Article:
·         This slight modification of the 3rd commandment didn’t lead the Christians to stop gathering together for worship. To the contrary, in Acts 2, the earliest description of the Christian pattern of worship after the Resurrection of Jesus, it says “They devoted themselves to the apostles’ teaching and the fellowship, to the breaking of bread and the prayers…and day by day, attending the temple together and breaking bread in their homes, they received their food with glad and generous hearts, praising God and having favor with all the people.” (Acts 2:42, 46-47). If anything, the early Christians met more often! The moral command of the law to rest and worship is unchanged—it is only the ceremonial form that has been changed (Chemnitz, Examination, vol. 4, p. 416).
·         Also, Jesus did not condemn labors done out of need or charity or healing, as we’ve already seen. Instead, what Jesus did condemn, was the abuse of the Temple as a place of worship, and turning it into a marketplace or den of thieves, and disturbing the place of prayer (ibid). Jesus does not want the day of rest and gladness to be undercut by these other activities. Worship ought to be for us a time to set aside distraction and busyness, and to receive the things of God—or in the metaphor we used last week—to quiet ourselves long enough to see, wonder at, and meditate on the panorama, or scenery of God’s amazing grace to us. If we don’t stop to pay attention, we may well miss the things of greatest importance, while attending to all the other minor things that preoccupy us.
·         To be refreshed and made whole on the Sabbath, we impose no new burdens or laws, but only take up the light and easy yoke of Jesus our Savior, who bore the heavy yoke of our sins, our worries and cares, to the cross. We are refreshed and made whole, seated at His table, fed by His body, the bread of life; nourished by His conversation—the life giving words of forgiveness and truth and divine wisdom. We are not living under the fear and compulsion of the law’s punishment, but as we heard last week in Ephesians 3, we live with the Holy Spirit in our inner being and Christ dwelling in our hearts by faith. We come to rest and be refreshed on the Sabbath—out of the joy of Christ’s resurrection from the dead; out of the relief of having our sins forgiven; out of the anticipation of receiving Christ’s gifts. We come to cast off the dead weight of our sinfulness, and the gathering anxieties and fears of this world—eager to come into the light of Jesus, and receive His light yoke. And we come to rest from our labors, so that we may be renewed and refreshed to be sent back again into the Lord’s labors, joyful and carefree—under the forgiveness, grace, and shed blood of our Lord Jesus! In His Name, Amen.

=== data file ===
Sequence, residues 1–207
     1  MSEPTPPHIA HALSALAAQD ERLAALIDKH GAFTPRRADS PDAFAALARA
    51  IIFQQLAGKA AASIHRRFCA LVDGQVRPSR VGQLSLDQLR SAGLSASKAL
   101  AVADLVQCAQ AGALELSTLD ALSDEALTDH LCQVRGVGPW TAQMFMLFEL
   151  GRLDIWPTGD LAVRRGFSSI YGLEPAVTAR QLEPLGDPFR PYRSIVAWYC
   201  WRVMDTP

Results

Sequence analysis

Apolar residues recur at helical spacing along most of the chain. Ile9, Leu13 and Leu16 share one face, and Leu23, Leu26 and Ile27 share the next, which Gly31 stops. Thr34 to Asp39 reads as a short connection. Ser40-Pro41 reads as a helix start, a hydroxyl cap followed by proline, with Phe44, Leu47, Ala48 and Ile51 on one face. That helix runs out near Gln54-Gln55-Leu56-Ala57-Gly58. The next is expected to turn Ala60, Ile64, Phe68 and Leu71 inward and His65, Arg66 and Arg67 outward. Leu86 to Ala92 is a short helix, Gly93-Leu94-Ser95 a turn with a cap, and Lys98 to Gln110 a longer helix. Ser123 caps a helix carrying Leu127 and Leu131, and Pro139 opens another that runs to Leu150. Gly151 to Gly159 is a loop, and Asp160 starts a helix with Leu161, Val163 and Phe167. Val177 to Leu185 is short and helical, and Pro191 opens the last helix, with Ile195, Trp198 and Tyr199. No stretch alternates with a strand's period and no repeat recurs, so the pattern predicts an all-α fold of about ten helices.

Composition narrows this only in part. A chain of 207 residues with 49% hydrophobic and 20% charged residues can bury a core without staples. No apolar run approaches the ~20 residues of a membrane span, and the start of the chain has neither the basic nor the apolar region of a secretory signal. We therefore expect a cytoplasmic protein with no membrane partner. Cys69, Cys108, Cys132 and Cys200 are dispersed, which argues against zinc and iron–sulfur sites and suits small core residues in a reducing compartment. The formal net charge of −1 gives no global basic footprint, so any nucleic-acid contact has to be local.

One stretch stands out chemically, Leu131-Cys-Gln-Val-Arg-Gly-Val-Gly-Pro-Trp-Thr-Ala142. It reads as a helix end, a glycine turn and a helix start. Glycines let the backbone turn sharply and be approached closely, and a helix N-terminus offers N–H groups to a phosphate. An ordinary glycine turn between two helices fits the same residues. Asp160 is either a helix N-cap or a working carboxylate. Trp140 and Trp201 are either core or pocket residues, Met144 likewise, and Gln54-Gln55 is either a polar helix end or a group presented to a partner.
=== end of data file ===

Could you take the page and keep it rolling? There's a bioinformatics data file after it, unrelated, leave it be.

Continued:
Sermon Talking Points
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  1. Three Sabbath healing miracles happen in Luke 6:11; 13:17, and 14:4. The reaction of the Pharisees progresses from anger (6:11), to _____ (13:17), to ____ (14:4). This shows that  they could not refute Jesus’ teaching about the Sabbath.
  2. Read Jesus’ questions in Luke 6:3-5; 6:9; 13:15-16; and 14:3-5. What common idea runs through this? How is Jesus trying to reform their understanding of the observance of the Sabbath?
  3. The man with the illness seems to have been “planted” by the Pharisees at the meal to trap Jesus. Luke 14:1-3. How can we show greater sympathy and awareness to the needs of other people? How does the Sabbath turn our attention to doing what is good and charitable?
  4. Why would Jesus permit labor to save life or to give food or drink on the Sabbath? What is the purpose of the Sabbath? Mark 2:27-28. How do we rest on the Sabbath day, or what things hinder or prevent us from rest and worship?
  5. Why does Jesus call us to rest on His Sabbath? What does He give us? Matthew 11:28-30.
  6. How is the 3rd Commandment (Sabbath Day) modified in the New Testament? Colossians 2:16. What was the new day for worship observed by the early Christians, and why? Acts 2:42, 46-47; 1 Corinthians 16:2.
  7. What kinds of disruptions of the Sabbath/worship did Jesus condemn or obstruct? John 2:13-16.
  8. What joy and refreshment do we receive on the Sabbath? Who is the giver of all of this, and what does it enable us to return and do?